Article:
Three Westridge Seniors and One Alumna Selected as Finalists for Pasadena’s Royal Court


Pasadena Tournament of Roses

The 28 finalist candidates for Pasadena’s Royal Court in front of the Tournament House.

On the morning of Tuesday, September 27, the 28 finalist candidates for Pasadena’s Royal Court lined the front steps of the Tournament House for a group photo before embarking on their final round of interviews. Among the candidates were three Westridge seniors and a Westridge alumna—Molly K. ‘23, Grace N. ‘23, Lyric W. ‘23, and Natalie V. ‘21. 

The Royal Court itself is a tradition steeped in Pasadena’s history with its first inductions dating back to 1905. Of the 28 finalists this year, seven were chosen to represent the Royal Court during the 134th Rose Parade and 109th Rose Bowl Game. In addition to public appearances, Royal Court members each receive a $7,500 educational scholarship and  become “part of an organization dedicated to hands-on volunteerism, discovering opportunities to connect with and give back to the local community, developing public speaking skills, and growing self-confidence,” as outlined by the Pasadena Tournament of Roses website

Westridge School has been no stranger to having students selected as finalists for the Royal Court, however this year marks a record-high for Westridge, with three members of the Class of 2023 and one alumna making it to the final round of interviews. 

(From left to right) Grace N. ’23 and Lyric W. ’23, two of Westridge’s Royal Court finalists.

Lyric W. ‘23, one of the student finalists, explained her decision to apply to be a member of the Royal Court, “I’ve kind of looked up to this whole event my entire life growing up in Pasadena, and I’ve always thought that as a senior, it would be a really fun experience to just go for it.”’

Molly K. ‘23 echoed a similar response, saying, “I always saw the girls [applying] when I was growing up, and I remember just thinking that they were so cool. So, I thought that it’d be fun to [apply], myself.”  

The application process for the Royal Court has been notoriously regarded as rigorous, reflected by the interviews leading up to final member selection. The initial interview gives applicants only 15 seconds to compose and answer a question asked on the spot, and after four rounds of similar short and extemporaneous interviews, the seven members of the Royal Court are decided by The Queen & Court Committee, composed of 12 Tournament of Roses Members.

Reflecting on her experience interviewing, Grace N. ‘23 said, “​​There’s a lot of stress and anticipation leading up to [the interviews], only for you to have, like, one minute to speak… but it wasn’t too bad. I was just having fun with it. And there’s some fun questions.” 

Similarly, Molly explained the interviewing process. “They were just simple questions that weren’t too bad. It was exciting to meet other kids who were also [interviewing].” In their selection process, the Pasadena Tournament of Roses explains their review of applicants, writing, “Volunteer Members of the Tournament of Roses’ Queen and Court Committee made its selections based on a number of criteria including academic achievement, community and school involvement, public speaking ability and youth leadership.”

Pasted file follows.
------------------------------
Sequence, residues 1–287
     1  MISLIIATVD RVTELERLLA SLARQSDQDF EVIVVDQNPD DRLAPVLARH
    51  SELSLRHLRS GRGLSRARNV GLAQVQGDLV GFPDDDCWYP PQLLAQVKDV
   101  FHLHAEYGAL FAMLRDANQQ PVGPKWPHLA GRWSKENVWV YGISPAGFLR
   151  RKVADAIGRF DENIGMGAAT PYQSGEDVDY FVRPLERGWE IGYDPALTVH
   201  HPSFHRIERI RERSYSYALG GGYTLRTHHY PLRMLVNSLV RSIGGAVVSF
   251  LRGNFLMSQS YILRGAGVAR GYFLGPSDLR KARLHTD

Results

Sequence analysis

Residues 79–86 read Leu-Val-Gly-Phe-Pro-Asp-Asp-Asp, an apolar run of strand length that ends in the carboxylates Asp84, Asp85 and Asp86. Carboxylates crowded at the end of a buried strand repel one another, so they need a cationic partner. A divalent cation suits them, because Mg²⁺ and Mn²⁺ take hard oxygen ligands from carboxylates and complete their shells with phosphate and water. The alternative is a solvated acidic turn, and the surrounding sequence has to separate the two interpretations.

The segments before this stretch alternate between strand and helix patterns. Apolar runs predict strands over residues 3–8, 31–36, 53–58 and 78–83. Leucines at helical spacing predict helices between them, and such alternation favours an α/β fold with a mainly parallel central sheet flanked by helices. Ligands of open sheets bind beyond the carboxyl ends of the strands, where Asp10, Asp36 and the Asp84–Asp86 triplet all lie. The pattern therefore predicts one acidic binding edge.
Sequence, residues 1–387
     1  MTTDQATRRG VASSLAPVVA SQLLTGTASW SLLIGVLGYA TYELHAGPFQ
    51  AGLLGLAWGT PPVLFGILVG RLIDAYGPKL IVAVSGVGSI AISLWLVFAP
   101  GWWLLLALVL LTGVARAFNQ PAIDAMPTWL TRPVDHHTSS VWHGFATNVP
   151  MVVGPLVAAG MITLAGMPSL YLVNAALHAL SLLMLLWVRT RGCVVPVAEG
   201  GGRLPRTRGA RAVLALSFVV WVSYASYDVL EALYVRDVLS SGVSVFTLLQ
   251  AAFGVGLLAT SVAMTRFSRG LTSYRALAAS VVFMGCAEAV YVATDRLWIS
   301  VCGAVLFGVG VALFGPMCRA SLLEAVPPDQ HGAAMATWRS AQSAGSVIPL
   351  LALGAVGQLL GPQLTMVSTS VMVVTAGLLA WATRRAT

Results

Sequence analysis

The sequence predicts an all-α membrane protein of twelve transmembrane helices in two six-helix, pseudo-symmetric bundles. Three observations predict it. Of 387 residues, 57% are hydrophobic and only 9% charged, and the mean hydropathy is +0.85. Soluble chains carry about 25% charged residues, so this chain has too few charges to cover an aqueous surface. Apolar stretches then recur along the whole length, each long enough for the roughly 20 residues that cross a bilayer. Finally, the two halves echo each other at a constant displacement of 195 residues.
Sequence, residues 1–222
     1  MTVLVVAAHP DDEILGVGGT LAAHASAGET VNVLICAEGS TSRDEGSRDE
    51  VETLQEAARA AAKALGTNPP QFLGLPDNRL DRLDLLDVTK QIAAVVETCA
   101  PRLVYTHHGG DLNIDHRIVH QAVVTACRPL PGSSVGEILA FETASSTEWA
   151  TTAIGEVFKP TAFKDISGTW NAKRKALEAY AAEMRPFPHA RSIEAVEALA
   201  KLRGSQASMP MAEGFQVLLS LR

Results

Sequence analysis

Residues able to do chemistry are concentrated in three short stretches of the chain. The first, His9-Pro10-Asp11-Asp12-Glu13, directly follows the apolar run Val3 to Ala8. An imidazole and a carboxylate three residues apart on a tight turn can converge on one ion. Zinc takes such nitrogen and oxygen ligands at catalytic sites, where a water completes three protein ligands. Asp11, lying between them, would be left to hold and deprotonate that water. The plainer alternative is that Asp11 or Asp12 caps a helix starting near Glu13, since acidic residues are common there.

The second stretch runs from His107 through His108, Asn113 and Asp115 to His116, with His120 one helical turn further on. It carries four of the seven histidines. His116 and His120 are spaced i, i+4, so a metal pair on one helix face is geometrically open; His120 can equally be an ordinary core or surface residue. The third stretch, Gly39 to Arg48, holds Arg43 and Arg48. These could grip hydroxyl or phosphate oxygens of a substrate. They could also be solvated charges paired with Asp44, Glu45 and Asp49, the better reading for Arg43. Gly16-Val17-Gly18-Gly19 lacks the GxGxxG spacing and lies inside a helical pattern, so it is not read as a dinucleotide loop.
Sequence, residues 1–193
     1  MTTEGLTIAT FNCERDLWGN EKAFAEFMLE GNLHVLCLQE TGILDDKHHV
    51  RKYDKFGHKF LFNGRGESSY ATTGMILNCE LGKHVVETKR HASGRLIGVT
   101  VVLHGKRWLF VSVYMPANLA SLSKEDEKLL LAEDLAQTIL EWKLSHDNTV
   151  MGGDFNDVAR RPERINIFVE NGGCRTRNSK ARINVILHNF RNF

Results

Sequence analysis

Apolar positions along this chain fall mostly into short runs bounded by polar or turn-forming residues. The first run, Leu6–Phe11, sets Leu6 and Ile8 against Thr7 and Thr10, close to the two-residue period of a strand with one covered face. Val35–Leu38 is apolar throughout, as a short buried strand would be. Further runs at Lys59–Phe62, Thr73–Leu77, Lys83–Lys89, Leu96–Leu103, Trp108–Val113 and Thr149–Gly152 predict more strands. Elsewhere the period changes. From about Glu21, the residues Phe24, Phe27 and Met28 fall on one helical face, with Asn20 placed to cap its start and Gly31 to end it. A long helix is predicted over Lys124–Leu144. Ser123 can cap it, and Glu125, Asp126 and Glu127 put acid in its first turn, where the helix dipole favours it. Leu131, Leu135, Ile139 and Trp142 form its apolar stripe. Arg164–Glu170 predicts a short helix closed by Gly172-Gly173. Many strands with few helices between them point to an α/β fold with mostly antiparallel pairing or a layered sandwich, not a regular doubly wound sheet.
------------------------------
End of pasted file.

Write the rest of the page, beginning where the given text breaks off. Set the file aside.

For many finalists, it is important to note that the Royal Court is more than just a beauty pageant. Grace shared, “After doing [the interviews], there were a couple girls that came up to me and were like, ‘Is it not just like a beauty pageant?’ And I think it did stem from [being a pageant], so the structure of it, I think, is similar—but I also think there’s a lot more to it.” 

Molly explained, “[Being a member of The Royal Court] is truly a big dedication and commitment of time. I know that it’s 100 events in 100 days, which is extremely time consuming—so that’s something to be aware of.” 

Lyric commented, “I think [the selection process] has to do a lot with merit, academically speaking and extracurricular-ly. But, I think above all, the most important thing [considered] was public speaking and your ability to think on the spot, as well as your desire to give back to the community.” 

Notably, however, Lyric chose to rescind her application last-minute. She explained, “After the final round and before the selection, I realized that it wasn’t for me because I’m not the type of person who necessarily loves getting dressed up… I’m more the type of person who’s a homebody and would love to just stay in on a Friday night and watch a movie.” 

She continued, “I’m so happy for all the girls who got selected. I know it’s such an amazing experience, but it just didn’t feel like it could speak to my character in particular, although I will admit it would have been such an incredible and once-in-a-lifetime sort of experience [to have been chosen].” 

Ultimately, none of the Westridge finalists were selected to participate as members of the Royal Court, but the experience of applying offered finalists the opportunity to engage with their community and reflect on the ways they’ve impacted society. 

“I got to meet so many people from so many places because the high schoolers are from all over Pasadena, and never would have met them if I wasn’t doing this,” Grace said. “I just met a lot of great people and heard a lot of great stories, and that was pretty special.”